Another fine home in the neighborhood has received landmark status, the Emma Wood House at 245 S. Wilton Place.
Located in the Wilton Place National Register District, this 1912 residence exhibits a unique combination of Craftsman and Classical style architecture. Of particular note is the full-width pergola supported by Classical-style columns on the main façade. The house was designed by architect Thomas Franklin Power, credited with many ecclesiastical, institutional, and parochial buildings in Southern California. The home was landmarked by its current owners, Philip Michael Dutton and Leslie Ferraro who have lived in the home for approximately 10 years.
Do you live in a home that should be a landmark? Learn how to nominate a historic place for local Historic-Cultural Monument (landmark) status at “Landmark This!”, a July 27 workshop presented by the Office of Historic Resources (OHR) and the Los Angeles Conservancy.
The hands-on, interactive session will walk you through writing an effective nomination, finding the necessary information, and navigating the political process. The workshop will focus on modern resources and will use local sites as practice examples. Landmarked properties receive the benefits of the Mills Act, offering financial incentive that can help you rehabilitate, restore and maintain your building.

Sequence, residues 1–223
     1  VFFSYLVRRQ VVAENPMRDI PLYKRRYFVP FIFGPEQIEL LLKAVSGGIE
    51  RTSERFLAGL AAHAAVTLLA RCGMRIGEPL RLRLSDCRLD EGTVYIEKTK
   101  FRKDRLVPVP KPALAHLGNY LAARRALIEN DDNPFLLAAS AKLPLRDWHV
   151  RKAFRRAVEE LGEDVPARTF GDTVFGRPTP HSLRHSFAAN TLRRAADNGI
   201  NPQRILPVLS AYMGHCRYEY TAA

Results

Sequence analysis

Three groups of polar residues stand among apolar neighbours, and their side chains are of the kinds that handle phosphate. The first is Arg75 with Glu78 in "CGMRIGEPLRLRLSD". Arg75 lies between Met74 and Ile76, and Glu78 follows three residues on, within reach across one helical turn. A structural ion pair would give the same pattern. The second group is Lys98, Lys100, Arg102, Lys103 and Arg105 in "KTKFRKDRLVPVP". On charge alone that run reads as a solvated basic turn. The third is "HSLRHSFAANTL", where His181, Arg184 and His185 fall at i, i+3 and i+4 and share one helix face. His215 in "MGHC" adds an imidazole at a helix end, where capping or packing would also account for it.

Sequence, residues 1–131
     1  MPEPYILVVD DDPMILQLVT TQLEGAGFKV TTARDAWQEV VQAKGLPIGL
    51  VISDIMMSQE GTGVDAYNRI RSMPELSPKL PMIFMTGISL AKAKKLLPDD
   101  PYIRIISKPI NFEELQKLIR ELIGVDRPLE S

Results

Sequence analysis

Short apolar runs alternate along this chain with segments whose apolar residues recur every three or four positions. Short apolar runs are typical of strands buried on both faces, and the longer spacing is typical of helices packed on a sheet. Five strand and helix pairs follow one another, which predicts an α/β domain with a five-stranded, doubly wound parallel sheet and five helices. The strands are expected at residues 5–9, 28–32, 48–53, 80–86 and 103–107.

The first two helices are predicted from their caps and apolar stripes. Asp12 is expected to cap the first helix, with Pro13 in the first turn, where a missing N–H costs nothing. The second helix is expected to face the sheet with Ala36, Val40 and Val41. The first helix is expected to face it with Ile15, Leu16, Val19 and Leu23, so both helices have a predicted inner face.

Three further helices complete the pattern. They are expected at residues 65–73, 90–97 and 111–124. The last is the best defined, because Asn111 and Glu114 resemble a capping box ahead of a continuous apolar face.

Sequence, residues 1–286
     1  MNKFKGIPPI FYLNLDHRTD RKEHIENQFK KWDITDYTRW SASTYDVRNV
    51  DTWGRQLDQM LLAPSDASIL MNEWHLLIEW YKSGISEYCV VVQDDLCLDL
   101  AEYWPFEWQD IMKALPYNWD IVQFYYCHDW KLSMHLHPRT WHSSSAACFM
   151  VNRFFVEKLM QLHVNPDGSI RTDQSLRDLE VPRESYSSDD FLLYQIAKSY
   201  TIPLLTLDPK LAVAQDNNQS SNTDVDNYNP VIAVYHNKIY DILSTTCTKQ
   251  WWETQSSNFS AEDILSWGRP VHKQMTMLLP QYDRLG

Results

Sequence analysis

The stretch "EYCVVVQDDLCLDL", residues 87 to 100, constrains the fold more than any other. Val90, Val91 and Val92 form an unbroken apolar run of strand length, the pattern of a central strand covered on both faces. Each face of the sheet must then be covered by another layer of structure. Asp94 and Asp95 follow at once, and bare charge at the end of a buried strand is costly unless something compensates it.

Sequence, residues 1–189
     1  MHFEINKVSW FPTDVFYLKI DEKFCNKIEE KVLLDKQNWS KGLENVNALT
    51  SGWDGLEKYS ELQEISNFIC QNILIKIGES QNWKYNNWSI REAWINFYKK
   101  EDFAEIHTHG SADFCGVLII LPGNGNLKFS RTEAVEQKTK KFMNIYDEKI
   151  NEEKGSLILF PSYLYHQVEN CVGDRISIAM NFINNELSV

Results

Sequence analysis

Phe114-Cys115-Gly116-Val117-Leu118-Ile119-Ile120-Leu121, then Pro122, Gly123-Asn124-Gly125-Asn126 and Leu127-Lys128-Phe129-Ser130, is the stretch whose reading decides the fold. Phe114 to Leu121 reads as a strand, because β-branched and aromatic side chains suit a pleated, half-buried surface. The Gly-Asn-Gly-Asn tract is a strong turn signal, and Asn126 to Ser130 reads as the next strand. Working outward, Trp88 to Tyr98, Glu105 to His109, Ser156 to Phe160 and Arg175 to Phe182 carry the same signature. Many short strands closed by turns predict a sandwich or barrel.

Space is limited to just 35 people, and OHR is looking for participants who have an active interest in submitting a Historic-Cultural Monument nomination. The workshop takes place from 1:30 to 4:30 p.m. at the former Canoga Park Library, 7260 Owensmouth Avenue, built in 1959 and designated as Historic- Cultural Monument itself.
Admission is $15, including materials and refreshments. Interested? Sign up online at the LA Conservancy website.